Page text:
Thursday, 28 February 2019
Nithe i dtosach suíonna - Commencement Matters
My home town of Drogheda is in a state of fear this week in a way I have never witnessed. On Monday a man was shot in broad daylight as he sat in his car outside a toy store in a retail park in Drogheda and is now fighting for his life. The town of over 40,000 people, the town I am from and love, has been in the grip of a violent criminal feud for a few months. However, it has the level of policing cover one would expect in a provincial backwater, not in a town or city of the scale and significance of Drogheda. We simply do not have enough gardaí on the streets to fulfil normal policing duties, let alone investigate the ongoing violent criminal feud.
There are six or seven gardaí per unit or shift, as opposed to 12 or 14 in other towns and cities of equivalent size. There is a single marked car policing an area with a population of close to 60,000. The armed support unit that was deployed a number of months ago to Drogheda in response to the criminal feud was withdrawn last week. To add insult to injury, in a decision handed down by top brass last week overtime by gardaí based in Drogheda Garda station was banned. One would not need to be a criminal mastermind to figure out that now is the best time to shoot somebody in Drogheda when there is little policing cover, when existing gardaí are under incredible strain, when there are few vehicles to police the area and when the permanent armed support unit has been withdrawn. It is now back on the streets, albeit probably on a temporary basis, to deal with the fall-out of what happened on Monday.
We immediately need more gardaí permanently based in Drogheda. The Minister for Justice and Equality came to the town in December and it is regrettable that he is not present to answer questions from me. He was happy to visit the Garda station in Drogheda to have his picture taken with the local Fine Gael councillors and Deputy and tell gardaí that what Drogheda wanted Drogheda got. On the one hand, he is having his picture taken in Garda stations, while, on the other, he claims he is not responsible for operational policing matters such as the allocation of gardaí to certain stations. That is simply not good enough.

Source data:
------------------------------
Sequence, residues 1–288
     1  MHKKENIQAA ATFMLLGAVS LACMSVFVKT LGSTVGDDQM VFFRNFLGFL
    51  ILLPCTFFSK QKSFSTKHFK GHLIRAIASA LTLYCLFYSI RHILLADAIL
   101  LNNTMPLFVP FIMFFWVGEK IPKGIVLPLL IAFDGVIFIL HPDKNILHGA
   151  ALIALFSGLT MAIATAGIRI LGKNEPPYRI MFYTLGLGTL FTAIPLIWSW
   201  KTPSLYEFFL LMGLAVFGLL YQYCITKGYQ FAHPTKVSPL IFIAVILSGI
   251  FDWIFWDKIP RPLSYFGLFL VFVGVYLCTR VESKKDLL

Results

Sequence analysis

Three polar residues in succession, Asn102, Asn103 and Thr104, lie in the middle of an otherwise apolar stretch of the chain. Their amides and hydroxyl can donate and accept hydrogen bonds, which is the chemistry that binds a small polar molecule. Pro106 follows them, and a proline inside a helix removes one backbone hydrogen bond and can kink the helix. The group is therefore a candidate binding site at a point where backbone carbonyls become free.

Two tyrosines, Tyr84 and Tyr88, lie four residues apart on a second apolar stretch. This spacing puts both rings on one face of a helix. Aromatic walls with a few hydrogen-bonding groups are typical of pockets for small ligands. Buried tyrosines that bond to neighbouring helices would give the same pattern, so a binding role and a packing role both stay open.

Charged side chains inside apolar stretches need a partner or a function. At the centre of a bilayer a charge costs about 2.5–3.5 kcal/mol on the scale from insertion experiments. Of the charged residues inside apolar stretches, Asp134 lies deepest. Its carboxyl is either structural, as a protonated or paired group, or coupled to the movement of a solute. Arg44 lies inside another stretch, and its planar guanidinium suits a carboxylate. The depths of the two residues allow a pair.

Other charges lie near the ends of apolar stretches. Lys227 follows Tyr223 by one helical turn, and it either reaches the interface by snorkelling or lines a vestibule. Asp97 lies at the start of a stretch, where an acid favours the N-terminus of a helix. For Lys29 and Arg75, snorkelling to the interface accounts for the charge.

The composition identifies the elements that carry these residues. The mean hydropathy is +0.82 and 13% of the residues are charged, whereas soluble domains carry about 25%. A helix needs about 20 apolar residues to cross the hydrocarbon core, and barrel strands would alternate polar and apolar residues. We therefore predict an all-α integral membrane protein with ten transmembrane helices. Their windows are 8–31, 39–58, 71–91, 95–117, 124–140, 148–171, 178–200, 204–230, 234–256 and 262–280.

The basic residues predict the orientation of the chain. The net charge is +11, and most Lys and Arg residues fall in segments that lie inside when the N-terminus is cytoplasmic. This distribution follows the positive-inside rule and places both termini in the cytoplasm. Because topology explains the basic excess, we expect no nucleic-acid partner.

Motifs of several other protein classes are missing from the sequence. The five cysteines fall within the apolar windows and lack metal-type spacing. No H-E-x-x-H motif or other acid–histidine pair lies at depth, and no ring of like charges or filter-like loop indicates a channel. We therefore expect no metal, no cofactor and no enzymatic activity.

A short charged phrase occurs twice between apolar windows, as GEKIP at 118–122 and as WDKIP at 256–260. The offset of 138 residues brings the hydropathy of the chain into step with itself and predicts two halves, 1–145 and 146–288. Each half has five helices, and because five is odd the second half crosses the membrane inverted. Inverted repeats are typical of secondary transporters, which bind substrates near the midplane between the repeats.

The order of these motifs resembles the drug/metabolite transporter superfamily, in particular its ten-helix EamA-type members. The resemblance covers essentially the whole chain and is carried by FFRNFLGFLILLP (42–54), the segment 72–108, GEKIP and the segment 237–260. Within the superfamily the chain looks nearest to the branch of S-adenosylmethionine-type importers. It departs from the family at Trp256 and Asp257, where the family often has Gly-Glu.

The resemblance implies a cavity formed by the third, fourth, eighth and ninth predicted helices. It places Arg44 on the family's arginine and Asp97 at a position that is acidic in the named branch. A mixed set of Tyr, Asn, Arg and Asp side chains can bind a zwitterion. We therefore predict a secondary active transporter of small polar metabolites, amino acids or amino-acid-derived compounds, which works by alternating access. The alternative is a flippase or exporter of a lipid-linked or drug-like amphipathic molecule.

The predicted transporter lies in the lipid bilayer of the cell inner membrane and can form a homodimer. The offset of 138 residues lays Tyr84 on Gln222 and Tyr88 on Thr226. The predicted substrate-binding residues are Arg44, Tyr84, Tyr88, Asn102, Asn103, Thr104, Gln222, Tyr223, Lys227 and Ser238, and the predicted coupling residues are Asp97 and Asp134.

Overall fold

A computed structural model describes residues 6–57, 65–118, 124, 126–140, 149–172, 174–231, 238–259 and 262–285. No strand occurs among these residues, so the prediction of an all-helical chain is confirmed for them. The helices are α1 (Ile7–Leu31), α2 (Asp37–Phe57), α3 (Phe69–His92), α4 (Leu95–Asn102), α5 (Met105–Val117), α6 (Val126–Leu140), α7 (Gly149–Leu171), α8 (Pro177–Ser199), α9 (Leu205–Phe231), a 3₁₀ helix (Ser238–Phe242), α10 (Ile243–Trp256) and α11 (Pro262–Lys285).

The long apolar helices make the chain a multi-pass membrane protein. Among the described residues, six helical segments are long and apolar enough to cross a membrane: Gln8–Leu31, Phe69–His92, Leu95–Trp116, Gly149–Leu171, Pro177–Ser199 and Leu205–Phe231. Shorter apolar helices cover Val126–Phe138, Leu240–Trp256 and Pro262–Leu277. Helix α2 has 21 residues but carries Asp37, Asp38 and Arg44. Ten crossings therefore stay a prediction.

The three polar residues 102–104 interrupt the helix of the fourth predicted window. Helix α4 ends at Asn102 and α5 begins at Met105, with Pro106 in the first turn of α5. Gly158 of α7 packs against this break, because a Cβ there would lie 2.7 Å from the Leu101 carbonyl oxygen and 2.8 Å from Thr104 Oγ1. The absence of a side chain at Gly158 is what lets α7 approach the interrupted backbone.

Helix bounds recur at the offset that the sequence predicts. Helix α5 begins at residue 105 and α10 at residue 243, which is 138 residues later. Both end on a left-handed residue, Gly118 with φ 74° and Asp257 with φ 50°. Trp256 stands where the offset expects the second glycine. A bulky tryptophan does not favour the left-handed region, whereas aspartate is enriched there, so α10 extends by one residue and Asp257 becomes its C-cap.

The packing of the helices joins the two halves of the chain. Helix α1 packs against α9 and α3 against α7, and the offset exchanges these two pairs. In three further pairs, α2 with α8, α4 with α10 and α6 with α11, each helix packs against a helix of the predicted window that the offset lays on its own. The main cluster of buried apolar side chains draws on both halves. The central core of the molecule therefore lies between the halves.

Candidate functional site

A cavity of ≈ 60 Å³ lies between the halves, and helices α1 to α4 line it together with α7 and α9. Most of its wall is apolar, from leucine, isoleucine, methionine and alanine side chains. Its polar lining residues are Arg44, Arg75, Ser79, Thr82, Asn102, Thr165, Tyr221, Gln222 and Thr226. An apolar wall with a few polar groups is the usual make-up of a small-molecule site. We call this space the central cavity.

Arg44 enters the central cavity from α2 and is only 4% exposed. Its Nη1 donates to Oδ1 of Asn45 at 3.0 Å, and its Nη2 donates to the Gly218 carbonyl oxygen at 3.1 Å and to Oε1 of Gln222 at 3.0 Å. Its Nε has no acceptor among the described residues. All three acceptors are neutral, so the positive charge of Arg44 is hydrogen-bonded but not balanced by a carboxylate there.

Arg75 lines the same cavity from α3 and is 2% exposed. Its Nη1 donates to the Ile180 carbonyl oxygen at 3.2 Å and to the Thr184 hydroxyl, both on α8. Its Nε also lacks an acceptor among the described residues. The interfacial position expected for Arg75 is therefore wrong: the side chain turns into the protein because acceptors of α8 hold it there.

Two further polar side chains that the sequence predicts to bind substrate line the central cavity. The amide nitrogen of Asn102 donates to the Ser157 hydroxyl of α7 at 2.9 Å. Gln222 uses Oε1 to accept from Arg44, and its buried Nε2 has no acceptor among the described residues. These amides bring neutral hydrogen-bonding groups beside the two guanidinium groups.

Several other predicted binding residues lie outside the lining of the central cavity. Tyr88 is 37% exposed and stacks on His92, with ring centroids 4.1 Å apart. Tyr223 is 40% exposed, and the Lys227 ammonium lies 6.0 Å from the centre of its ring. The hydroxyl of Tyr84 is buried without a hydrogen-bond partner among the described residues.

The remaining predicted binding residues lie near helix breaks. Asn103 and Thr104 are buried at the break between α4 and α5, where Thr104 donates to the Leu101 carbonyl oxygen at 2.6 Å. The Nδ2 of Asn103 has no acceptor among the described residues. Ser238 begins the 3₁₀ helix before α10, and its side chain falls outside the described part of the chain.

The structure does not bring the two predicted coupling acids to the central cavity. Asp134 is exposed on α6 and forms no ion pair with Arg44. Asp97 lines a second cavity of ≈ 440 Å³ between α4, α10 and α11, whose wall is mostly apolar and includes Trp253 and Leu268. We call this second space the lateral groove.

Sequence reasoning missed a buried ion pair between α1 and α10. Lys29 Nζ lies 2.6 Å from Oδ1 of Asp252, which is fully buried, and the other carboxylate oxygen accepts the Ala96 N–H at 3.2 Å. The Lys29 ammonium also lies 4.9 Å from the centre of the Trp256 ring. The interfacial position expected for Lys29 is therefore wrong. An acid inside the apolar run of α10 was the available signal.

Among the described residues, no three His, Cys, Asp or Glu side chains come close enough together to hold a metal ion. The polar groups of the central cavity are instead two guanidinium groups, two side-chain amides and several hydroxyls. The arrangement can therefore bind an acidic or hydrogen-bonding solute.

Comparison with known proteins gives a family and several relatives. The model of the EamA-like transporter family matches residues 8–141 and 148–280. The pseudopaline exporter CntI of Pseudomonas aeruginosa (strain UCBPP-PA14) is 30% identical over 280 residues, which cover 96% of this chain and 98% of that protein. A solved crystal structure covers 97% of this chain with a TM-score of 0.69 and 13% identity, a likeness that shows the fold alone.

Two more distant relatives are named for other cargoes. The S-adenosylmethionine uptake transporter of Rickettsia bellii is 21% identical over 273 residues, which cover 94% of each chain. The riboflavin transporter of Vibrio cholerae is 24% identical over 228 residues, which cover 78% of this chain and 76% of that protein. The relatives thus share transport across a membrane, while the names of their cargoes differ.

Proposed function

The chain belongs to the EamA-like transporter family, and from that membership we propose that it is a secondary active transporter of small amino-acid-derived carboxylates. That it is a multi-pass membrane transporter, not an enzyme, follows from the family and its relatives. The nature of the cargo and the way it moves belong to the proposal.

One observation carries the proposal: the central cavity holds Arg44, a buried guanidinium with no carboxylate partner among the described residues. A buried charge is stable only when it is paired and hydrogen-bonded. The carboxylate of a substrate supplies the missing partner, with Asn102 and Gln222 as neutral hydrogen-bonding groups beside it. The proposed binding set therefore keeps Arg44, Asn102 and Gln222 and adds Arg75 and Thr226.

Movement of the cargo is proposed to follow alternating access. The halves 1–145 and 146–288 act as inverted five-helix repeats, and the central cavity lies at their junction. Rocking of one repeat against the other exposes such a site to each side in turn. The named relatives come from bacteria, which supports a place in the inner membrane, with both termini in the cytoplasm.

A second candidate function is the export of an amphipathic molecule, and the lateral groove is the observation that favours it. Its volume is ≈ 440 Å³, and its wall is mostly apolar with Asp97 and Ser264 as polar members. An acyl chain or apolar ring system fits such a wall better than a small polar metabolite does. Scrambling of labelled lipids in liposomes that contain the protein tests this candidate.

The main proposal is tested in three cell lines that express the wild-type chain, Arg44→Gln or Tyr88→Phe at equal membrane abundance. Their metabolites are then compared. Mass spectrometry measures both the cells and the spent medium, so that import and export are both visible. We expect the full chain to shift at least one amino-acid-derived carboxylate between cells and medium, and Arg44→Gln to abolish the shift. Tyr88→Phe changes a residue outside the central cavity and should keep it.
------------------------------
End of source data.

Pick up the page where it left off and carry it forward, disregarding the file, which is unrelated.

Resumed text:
We were allocated eight probationary gardaí straight out of the Garda College in Templemore last December, while 15 have been withdrawn. We have only been left with an additional three. We need more gardaí permanently. I do not want to hear such nonsense as it is not a matter for the Minister for Justice and Equality to allocate gardaí. He needs to take political responsibility. The people of Drogheda need protection. Gardaí in Drogheda also need protection and support which they are not getting. This is a political issue. It is a matter of accountability. I want to hold the Minister and the Commissioner accountable.
Tomorrow the Taoiseach will make a planned visit to Drogheda. I was not aware of this visit; I heard about it through the media, as I heard about the visit of the Minister to Drogheda through the media. There is a long-standing convention and protocol that Oireachtas Members of all parties are notified of the visit of a Minister or the Taoiseach, but I have yet to receive that notification. I suggest to the Taoiseach that he not come to Drogheda if he does not have more resources for An Garda Síochána.
I thank the Senator for raising this important matter for the people of Drogheda and the wider area of counties Louth and Meath. I am taking this Commencement matter on behalf of the Minister for Justice and Equality, Deputy Flanagan, who, unfortunately, is unable to be here. I know that the Senator, as well as Deputy O’Dowd, has been monitoring the position closely since the Minister of State, Deputy Stanton, last updated the House in November on the steps being taken by An Garda Síochána to neutralise the feud. The Taoiseach will visit Drogheda tomorrow to discuss this and other matters directly with members of An Garda Síochána.
The Senator will be aware that when the Minister visited Drogheda Garda station last December, he was very impressed by the robust response that had been put in place by the Garda authorities in the region. There is a dedicated policing operation, Operation Stratus, specifically targeting the ongoing feud. The operation consists of high visibility patrols and checkpoints, days of action and covert policing initiatives, targeting specific parties to the feud. The operations are supplemented by personnel from the regional armed support unit, the drugs unit and the divisional roads policing unit and have resulted in the seizure of considerable amounts of cash, firearms and controlled drugs.